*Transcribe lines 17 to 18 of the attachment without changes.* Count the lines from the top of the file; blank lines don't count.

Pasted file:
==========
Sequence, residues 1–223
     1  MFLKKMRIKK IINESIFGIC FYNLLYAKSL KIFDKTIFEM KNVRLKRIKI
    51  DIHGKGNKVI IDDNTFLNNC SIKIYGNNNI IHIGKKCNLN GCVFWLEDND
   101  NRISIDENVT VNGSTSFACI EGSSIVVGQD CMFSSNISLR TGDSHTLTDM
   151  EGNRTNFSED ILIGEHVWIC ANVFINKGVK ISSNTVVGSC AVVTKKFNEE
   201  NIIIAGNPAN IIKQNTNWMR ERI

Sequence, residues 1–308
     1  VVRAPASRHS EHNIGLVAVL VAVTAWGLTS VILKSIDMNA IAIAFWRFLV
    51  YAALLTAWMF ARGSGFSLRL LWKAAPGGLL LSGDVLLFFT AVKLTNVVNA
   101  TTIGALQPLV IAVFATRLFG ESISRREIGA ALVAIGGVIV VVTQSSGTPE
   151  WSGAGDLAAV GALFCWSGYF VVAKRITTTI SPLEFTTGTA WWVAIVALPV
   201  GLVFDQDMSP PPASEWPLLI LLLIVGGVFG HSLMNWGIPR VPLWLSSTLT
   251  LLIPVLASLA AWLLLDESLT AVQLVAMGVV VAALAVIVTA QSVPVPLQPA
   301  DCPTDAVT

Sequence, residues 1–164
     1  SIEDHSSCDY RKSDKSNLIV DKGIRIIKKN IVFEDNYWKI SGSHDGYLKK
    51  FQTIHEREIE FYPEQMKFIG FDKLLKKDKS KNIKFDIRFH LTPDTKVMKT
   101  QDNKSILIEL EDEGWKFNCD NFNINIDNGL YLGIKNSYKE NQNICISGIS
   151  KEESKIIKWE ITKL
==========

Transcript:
    51  FQTIHEREIE FYPEQMKFIG FDKLLKKDKS KNIKFDIRFH LTPDTKVMKT
   101  QDNKSILIEL EDEGWKFNCD NFNINIDNGL YLGIKNSYKE NQNICISGIS